The Student News Site of Tarrant County College

The Collegian

The Student News Site of Tarrant County College

The Collegian

The Student News Site of Tarrant County College

The Collegian

Puppeteer stars in NW Campus play

By Bethany Peterson/nw news editor

Natalie Beech acts as the puppeteer for Fudge while Bridget Cooney checks to see if Fudge ate a flower in NW Campus’ production of Tales of a Fourth Grade Nothing, which opens Feb. 28.
Martina Treviño /The Collegian

College students can play fourth graders, but it’s a little harder to play a three-year-old.

That’s why in Theatre Northwest’s presentation of Tales of a Fourth Grade Nothing director Josh Blann chose a puppet and puppeteer for three-year-old Fudge and other very young characters.

The play adapts Judy Blume’s book about Peter, a fourth-grader, who feels his little brother Fudge always gets the attention, making Peter feel like a nothing. Performances will be 10:30 a.m. Feb. 28-March 4 and 2 p.m. March 5. Tickets are free for TCC students, faculty and staff, $3 for non-TCC students and $6 for general admission.

The puppeteers have a critical role in making sure the puppets are effective on stage.

“The puppeteers use their face to mimic whatever the puppets are feeling,” Blann said.

The puppeteers are onstage carrying and manipulating the puppets as well as speaking the character’s lines. Being a puppeteer has its own challenges.

“When I’m acting, I can move around and figure out the character,” said Natalie Beech, Fudge’s puppeteer. “This puppet defines how I can move.”

But it’s the same as regular acting since she still becomes someone else, Beech said.

This is the first time the theater has used puppets instead of characters, so the whole cast and crew are learning about them.

“We had the main puppet professionally made, and we are making the other three,” Blann said.

Whether they have a puppet to work with or not, acting like little kids has challenged most of the actors.

“It’s extremes of everything,” said Aaron Sawyer, who plays Peter. “When they are mad, it’s flat out on the floor. When they’re happy, it’s the happiest time in the world.”

Sawyer said he is unlearning the subtleties of adult communication and learning ways to make emotions more obvious.

“It’s taking a lot more movements, not just a glance or a look like a teenager or an adult,” he said.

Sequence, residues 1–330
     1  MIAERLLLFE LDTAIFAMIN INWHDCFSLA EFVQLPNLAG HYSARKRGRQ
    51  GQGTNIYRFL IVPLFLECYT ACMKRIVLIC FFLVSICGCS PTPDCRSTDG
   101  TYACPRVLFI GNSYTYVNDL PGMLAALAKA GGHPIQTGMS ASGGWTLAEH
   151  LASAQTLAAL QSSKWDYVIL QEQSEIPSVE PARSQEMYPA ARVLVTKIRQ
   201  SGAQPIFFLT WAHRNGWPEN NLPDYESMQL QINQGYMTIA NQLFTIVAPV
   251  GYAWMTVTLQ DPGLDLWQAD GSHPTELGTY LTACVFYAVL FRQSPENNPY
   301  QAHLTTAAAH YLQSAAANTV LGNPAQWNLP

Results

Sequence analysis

For Beech, learning to be a little boy is harder because she never was one.

“I was not as little-boyish,” Beech said about her younger days. “I didn’t climb up on things and jump off. [Fudge] falls from a jungle gym and swallows his teeth. There’s a scene where he eats a turtle.”

She has drawn from memories of when her brother was younger to figure out how to play Fudge, she said.

Sawyer, on the other hand, understands his nemesis well. He said he and Fudge have a lot in common.

“I was the youngest sibling, and I can totally remember doing things that [Fudge] did,” Sawyer said.

To help the cast get the younger mindset, Blann has had them try to think like kids.

“Josh had been having us play kids games for 20 minutes before rehearsals to get into the mood,” Sawyer said. “Duck duck goose, Red Rover, you name it, we’ve played it. We played imagination volleyball with an invisible volleyball one day.”

The play and its presentation are geared toward school-age children coming to the weekday performances. The theme is one children experience everyday.

“It’s helping kids identify with someone who feels underappreciated,” Blann said.

The scenery on stage is also designed with children in mind. The production has at least eight scene changes with pieces to be moved in and out, providing a more detailed background than usual for a play.

“The whole scenery looks like a children’s coloring book,” Blann said.

The actors are also adjusting to performing for younger audiences instead of adults.

“Kids will laugh at things we won’t even catch,” Sawyer said. “Things we work so hard to get across they won’t even catch.”

During rehearsal, Blann kept reminding the actors to face toward the audience to draw the children into the play, rather than following the normal rule of never looking at the audience.

“[Kids] aren’t polite,” Blann said. “If the play is boring, they start moving around.”

But cast members said they are sure the play will entertain adults as well.

“When we read through the script the first time, we were all just cracking up,” Sawyer said.

He said he invited his friends to the weekend performances and expects them to enjoy the play as much as the children will.

Donate to The Collegian

Your donation will support the student journalists of Tarrant County College. Your contribution will allow us to purchase equipment and cover our annual website hosting costs.

More to Discover
Donate to The Collegian